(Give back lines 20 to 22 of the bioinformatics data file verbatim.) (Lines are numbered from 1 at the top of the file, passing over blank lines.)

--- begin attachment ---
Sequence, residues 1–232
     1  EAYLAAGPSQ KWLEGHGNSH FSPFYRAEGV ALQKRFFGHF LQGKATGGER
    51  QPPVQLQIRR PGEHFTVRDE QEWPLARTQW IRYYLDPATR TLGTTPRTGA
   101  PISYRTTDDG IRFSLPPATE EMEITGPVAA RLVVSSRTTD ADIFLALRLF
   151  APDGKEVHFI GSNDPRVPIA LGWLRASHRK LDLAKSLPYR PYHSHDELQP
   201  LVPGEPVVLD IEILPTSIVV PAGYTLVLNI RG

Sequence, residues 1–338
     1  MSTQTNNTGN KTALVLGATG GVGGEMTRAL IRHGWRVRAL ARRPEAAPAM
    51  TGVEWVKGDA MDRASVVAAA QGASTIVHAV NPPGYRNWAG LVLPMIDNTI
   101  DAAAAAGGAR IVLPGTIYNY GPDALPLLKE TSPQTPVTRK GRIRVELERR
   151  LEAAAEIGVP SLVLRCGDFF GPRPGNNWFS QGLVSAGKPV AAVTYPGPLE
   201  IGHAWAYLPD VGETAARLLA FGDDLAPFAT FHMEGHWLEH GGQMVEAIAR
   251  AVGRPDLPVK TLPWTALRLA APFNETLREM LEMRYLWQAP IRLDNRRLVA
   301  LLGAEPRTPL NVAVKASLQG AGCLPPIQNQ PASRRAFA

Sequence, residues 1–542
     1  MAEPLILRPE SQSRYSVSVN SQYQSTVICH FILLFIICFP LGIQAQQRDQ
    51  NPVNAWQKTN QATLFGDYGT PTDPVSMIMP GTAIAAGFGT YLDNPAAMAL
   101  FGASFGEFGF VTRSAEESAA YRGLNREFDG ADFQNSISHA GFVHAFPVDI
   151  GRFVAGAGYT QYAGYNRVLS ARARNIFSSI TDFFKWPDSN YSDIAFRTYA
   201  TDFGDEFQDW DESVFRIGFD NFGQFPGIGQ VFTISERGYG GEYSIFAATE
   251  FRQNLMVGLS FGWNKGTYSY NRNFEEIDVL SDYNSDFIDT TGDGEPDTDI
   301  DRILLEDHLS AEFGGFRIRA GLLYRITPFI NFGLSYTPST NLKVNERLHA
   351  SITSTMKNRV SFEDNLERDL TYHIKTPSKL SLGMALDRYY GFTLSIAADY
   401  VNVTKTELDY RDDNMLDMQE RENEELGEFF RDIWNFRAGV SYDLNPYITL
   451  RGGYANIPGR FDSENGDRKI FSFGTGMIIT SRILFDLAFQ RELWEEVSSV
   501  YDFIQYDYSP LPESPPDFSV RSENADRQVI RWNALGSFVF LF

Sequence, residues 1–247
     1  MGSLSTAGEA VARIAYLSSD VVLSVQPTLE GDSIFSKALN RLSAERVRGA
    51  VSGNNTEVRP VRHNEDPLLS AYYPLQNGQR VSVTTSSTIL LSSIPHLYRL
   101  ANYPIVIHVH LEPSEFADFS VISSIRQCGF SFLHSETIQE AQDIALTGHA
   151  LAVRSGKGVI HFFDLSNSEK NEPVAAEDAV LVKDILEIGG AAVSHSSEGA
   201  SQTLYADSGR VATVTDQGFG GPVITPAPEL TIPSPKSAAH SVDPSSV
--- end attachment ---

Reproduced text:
   201  TDFGDEFQDW DESVFRIGFD NFGQFPGIGQ VFTISERGYG GEYSIFAATE
   251  FRQNLMVGLS FGWNKGTYSY NRNFEEIDVL SDYNSDFIDT TGDGEPDTDI
   301  DRILLEDHLS AEFGGFRIRA GLLYRITPFI NFGLSYTPST NLKVNERLHA